Revive Our Hearts Podcast

Leslie Basham: Battles never unfold according to our plans. Here’s Nancy Leigh DeMoss.

Nancy Leigh DeMoss: In the midst of the battle, you find yourself saying, “The sun is hot; the day is not long enough; there’s circumstances here such as which we cannot possibly win this battle.” Do you stop and cry out to the Lord? Do you have the faith to say, “Lord, whatever it takes, You can do it”?

Leslie: This is Revive Our Hearts with Nancy Leigh DeMoss for Thursday, October 23, 2014.

We all need concentrated times of prayer when we get away and focus on the Lord, but there are probably times when your prayer is more like a field general calling in reinforcements while under fire. The danger comes when we don’t pray at all, trying to battle alone. Nancy will explain why this is so dangerous. She's continuing in the series "Lessons from the Life of Joshua (Part 11): Waging and Winning Spiritual Battles."

Nancy: In the last session we saw that Joshua and the Children of Israel failed to ask counsel from the Lord when it came to this matter of the Gibeonites who came and deceived them. They said, “We’ve come from afar; we want to make a covenant; we want to make a treaty with you.” We saw that the problem was that Joshua failed to ask counsel of the Lord.

Now, Joshua knew better. He had had a lot of experience at asking God counsel, and God had said, “I will lead you. I will be with you, but you’ve got to follow Me. You’ve got to look to Me.” It was a hard lesson, a heavy price, and it ended up making a costly mistake, and so it happens with us when we fail to seek the Lord. We do end up making costly mistakes, and we may end up in partnerships with the enemies of God.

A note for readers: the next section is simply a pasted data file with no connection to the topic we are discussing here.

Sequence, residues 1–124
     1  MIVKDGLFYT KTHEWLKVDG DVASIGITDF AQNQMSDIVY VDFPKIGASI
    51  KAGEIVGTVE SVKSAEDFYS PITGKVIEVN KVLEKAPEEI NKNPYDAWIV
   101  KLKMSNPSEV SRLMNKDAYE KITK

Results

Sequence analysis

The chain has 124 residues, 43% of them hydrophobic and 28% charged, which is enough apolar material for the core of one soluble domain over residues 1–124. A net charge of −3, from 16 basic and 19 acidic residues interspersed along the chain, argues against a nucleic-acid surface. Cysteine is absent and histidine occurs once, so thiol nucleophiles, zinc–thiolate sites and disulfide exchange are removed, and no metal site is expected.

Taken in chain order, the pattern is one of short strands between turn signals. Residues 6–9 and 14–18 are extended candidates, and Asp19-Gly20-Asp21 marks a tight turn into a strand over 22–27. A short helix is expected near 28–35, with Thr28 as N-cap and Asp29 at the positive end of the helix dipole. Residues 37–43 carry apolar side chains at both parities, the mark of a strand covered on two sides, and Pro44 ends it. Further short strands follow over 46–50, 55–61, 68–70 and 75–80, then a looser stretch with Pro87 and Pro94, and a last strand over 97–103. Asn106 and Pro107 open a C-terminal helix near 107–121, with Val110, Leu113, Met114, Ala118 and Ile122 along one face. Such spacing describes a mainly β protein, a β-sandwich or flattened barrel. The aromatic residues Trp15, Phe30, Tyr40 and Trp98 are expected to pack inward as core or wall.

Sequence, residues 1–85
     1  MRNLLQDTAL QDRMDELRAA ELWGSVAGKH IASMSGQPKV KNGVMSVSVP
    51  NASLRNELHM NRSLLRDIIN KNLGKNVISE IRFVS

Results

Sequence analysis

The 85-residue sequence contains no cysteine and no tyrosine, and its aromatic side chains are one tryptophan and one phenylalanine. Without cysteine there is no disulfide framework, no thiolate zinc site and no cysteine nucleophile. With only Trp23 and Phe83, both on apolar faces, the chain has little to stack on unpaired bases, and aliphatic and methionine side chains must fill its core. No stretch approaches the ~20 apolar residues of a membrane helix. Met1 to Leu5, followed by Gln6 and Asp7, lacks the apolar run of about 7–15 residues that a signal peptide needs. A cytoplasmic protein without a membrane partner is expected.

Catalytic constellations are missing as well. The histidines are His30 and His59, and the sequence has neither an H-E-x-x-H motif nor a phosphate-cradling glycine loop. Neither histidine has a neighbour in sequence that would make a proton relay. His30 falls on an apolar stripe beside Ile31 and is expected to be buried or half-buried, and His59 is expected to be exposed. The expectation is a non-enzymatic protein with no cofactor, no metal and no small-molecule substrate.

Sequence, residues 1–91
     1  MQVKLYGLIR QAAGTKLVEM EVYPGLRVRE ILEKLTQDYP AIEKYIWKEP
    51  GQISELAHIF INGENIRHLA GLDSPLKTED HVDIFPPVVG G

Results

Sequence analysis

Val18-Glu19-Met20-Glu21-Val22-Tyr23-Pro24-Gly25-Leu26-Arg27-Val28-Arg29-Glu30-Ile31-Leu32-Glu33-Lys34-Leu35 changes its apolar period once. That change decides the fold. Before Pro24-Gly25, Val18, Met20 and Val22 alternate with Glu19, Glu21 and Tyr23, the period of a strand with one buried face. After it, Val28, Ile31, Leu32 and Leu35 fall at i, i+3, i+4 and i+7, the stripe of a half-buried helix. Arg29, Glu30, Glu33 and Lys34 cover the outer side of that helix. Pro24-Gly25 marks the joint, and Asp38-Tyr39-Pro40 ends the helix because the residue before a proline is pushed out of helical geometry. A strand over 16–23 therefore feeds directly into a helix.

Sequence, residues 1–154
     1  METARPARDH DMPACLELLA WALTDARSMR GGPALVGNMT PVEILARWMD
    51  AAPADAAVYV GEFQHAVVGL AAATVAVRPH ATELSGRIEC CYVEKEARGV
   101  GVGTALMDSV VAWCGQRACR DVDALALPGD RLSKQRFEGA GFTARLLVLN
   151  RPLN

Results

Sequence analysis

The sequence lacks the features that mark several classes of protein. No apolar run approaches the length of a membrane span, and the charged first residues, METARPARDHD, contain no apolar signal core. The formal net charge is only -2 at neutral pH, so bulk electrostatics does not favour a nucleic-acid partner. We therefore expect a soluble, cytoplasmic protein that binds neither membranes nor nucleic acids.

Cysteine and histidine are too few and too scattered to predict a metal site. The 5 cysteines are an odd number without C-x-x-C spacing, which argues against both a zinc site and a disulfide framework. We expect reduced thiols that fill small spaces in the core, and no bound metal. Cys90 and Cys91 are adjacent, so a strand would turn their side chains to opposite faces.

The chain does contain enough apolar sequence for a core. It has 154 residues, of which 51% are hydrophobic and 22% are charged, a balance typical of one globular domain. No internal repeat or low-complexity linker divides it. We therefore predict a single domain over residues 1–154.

So as we’re picking up here in Joshua chapter 9, let me just read where we left off in the last session, beginning in verse 14 of chapter 9,

So the men took some of their provisions, but did not ask counsel from the Lord. And Joshua made peace with them and made a covenant with them, to let them live, and the leaders of the congregation swore to them.

It’s interesting that in this chapter there’s no word from the Lord. You know why? Because they didn’t ask for it. I think sometimes in our lives when there’s no leading or word from the Lord, it’s because we’re not in His Word, we’re not asking Him to direct us. Not to seek counsel from the Lord is to trust in ourselves, to trust in our own wisdom, is to be self-sufficient, self-reliant, independent. It’s really the essence of pride. “I can figure this out.”

Alan Redpath has written a wonderful book on the book of Joshua, and he says, when it comes to this passage,

Never trust your own judgment. When common sense says that a course is right, lift your heart to God, for the path of faith and the path of blessing may be in a direction completely opposite to that which you call common sense. If you are called on to act, and you have not time to pray, don’t act. Dare to stand and wait on God, for none of them that wait on Him shall ever be ashamed. Don’t lean on your own understanding.1